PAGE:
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Final Activity Report Summary - RTNNANO (Fundamentals of nanoelectronics)

It is now widely accepted that the physics of hybrid nanostructures will underpin the microelectronics industry of the coming decades and that Europe must maintain a presence at the leading edge of this field. The theoretical work undertaken in this network has focussed on fundamental phenomena involving superconducting, magnetic, semiconducting, molecular and carbon-based nanostructures, all of which are currently attracting world-wide attention. The research carried out underpins many areas of nanoelectronics and will help to create the necessary knowledge for a society in which microelectronics is gradually replaced by nanoelectronics.

The coming together of the hitherto distinct fields of mesoscopic physics, superconductivity, magnetism and molecular electronics has led to the discovery of a range of new physical phenomena involving quantum dots, quantum wires, carbon nanotubes and molecular point contacts. Many of these share generic properties arising from the presence of phase-coherent dynamics and correlations. By bringing-together world-leading experts studying these phenomena in different contexts, RTNNANO has provided a forum for the cross-fertilisation of theoretical techniques and the exploration of emerging themes.

Together we have produced approximately 170 joint publications (over 25 of which are in Physical Review Letters, Nature, Science or Europhysics Letters) and trained a new generation of E.U.-funded pre- and postdoctoral researchers in the theory of nanoscale dynamics.

The forefront of the field of nanoscale physics is moving ahead at a breathtaking pace and RTNANO has helped to sustain Europe's leading scientific position in nanoelectronics. The research is aligned with the Strategic Research Agenda of the European Technology Platform ENIAC, (European Nanoelectronics Initiative Advisory Council) which states: "It is clear that for the development of highly integrated miniaturised products, very strong interdisciplinary cooperation is needed from the earliest development phases. For Europe to achieve world leadership in [nanoelectronics] research and development and maintain high value-added next-generation production processes, it must provide a research environment and infrastructure capable of supporting visionary and industrially relevant research activities."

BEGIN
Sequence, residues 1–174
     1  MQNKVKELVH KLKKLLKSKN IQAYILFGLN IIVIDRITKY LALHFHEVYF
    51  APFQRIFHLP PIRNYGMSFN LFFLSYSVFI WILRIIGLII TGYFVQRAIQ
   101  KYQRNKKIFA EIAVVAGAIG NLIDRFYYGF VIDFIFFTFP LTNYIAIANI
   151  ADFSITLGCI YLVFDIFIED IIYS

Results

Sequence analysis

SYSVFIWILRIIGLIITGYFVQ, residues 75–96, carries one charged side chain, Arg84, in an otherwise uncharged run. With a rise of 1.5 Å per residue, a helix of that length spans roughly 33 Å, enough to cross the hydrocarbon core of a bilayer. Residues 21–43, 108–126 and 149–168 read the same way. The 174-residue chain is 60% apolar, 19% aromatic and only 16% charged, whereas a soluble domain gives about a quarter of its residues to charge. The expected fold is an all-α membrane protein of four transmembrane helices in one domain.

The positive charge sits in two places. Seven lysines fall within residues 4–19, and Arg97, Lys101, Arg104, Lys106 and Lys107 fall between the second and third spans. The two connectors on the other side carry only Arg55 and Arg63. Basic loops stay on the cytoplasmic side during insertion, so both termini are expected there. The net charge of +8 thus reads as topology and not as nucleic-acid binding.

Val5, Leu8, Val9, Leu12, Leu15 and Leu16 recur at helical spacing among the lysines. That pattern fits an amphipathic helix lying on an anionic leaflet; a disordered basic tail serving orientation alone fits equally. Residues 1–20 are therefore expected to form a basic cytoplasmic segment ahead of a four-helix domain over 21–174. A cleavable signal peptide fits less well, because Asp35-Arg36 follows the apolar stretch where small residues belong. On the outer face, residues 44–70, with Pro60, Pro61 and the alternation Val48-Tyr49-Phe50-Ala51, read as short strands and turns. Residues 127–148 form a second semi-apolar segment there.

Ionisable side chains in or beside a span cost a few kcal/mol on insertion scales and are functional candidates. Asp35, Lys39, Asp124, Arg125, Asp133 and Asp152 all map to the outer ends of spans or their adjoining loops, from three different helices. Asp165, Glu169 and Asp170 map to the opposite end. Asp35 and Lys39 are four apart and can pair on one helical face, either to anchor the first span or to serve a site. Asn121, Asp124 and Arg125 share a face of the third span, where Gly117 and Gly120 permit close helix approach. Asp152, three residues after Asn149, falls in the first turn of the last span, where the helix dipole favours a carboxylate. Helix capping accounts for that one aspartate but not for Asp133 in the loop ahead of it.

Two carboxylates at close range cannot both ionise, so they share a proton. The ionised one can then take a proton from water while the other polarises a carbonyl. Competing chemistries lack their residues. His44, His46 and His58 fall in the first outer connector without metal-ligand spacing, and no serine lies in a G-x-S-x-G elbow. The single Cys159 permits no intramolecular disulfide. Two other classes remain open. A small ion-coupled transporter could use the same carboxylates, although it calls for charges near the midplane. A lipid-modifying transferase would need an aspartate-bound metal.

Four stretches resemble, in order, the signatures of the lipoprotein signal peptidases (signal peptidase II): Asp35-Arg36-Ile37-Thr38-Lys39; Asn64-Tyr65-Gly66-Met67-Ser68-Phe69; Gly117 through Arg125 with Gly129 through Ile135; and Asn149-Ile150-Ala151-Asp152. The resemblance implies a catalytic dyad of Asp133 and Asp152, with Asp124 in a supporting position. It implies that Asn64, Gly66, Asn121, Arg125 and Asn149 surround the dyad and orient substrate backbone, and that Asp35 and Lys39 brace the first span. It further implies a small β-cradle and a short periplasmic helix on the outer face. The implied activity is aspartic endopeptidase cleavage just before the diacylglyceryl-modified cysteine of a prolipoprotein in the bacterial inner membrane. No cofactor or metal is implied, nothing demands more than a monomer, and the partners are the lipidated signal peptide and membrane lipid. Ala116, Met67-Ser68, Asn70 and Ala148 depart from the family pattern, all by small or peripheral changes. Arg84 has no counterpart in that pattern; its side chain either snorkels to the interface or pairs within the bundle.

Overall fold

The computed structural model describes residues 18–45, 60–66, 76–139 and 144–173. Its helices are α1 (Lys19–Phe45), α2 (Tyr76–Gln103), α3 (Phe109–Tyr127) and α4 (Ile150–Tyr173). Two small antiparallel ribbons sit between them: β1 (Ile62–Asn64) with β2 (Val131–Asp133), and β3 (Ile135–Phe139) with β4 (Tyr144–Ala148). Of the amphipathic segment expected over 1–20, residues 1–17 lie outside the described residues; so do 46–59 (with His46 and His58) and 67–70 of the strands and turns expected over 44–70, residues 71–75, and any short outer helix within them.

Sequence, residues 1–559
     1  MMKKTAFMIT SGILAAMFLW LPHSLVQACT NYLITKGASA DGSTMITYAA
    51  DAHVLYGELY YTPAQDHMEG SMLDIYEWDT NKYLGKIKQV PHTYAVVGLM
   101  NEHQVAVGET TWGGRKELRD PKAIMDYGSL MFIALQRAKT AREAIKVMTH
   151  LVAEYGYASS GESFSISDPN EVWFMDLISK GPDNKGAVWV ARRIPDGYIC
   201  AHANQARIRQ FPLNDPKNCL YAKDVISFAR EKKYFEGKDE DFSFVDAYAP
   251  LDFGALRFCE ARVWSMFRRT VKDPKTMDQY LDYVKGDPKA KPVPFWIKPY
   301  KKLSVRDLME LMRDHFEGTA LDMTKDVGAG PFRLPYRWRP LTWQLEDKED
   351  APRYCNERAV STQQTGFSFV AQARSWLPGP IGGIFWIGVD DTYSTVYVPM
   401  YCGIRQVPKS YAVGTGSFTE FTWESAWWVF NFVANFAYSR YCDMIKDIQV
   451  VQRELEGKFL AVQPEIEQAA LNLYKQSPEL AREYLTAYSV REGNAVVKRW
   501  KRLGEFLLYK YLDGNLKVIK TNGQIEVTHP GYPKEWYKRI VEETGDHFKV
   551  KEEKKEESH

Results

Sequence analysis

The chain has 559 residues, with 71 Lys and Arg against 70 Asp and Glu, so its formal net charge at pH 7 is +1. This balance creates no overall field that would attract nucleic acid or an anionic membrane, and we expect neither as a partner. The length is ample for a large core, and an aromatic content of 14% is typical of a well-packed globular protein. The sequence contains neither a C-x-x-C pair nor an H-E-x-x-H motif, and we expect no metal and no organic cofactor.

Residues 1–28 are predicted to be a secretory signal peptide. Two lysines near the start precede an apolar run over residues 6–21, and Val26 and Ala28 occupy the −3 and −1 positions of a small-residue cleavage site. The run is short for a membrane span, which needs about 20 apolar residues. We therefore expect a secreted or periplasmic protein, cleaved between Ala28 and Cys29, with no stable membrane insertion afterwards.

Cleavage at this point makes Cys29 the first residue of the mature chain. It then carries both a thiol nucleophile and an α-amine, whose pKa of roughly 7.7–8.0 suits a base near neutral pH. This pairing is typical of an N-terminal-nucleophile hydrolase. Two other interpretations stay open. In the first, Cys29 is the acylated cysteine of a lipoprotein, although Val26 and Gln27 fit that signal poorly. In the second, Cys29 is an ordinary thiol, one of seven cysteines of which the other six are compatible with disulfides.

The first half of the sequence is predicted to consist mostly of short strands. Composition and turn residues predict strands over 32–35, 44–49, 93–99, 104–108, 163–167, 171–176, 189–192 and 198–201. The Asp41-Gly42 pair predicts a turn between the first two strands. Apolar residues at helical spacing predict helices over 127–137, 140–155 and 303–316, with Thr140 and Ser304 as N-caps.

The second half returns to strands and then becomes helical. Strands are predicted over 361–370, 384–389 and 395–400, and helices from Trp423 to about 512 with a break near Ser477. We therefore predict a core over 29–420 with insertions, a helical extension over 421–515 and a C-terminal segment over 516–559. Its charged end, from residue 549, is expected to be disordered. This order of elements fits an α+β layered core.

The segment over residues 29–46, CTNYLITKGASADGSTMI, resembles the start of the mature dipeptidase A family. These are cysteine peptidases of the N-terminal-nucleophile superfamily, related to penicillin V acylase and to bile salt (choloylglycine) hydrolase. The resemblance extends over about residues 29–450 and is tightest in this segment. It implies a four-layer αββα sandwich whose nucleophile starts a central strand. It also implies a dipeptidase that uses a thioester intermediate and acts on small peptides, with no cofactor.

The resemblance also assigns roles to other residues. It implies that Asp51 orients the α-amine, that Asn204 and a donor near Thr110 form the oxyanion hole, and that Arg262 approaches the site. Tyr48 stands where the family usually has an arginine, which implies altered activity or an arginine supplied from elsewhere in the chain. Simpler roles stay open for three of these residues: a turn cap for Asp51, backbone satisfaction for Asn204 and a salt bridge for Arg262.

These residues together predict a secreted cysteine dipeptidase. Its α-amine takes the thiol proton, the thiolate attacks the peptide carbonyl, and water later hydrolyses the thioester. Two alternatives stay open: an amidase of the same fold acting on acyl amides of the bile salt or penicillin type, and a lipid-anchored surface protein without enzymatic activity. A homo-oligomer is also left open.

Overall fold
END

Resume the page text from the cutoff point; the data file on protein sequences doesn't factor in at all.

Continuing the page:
The research activities of RTNNANO have also focussed on phenomena underpinning modern nanoelectronics and in particular on the theoretical skills needed to address fundamental problems at the far reaches of the International Technology Roadmap for Semiconductors (ITRS), which identifies nanoscale modelling and simulation as one of the "difficult challenges" facing the industry. During 2006, both the European Science Foundation and the European Commission Future and Emerging Technologies Programme conducted Forward Looks on the future of nanoelectronics. The outcomes of these were reported at the European Forum on Nanosciences, Brussels, December 2006. Both of these acknowledge that a transition to sub-10nm electronics will require fundamental understanding of nanowires, quantum dots, carbon-based electronics, (using carbon nanotubes, graphene and/or single molecules), new information carriers (eg spin and quantum phase), along with interaction and proximity effects in small dimensions. By bringing-together world-leading experts studying these phenomena, RTNNANO has helped to create the fundamental knowledge needed to address these challenges and create a unique training environment for enhancing the career prospects of ESRs.

By working together we have achieved a level of visibility unattainable by a single team and made major advances ahead of competitors in the United States and Japan. RTNNANO has also stimulated number of new collaborations, supported by national and European programmes, including the European Science Foundation and Framework 6, and generated many new interdisciplinary interactions.

Reported by

University of Lancaster
LA1 4YW Lancaster
United Kingdom
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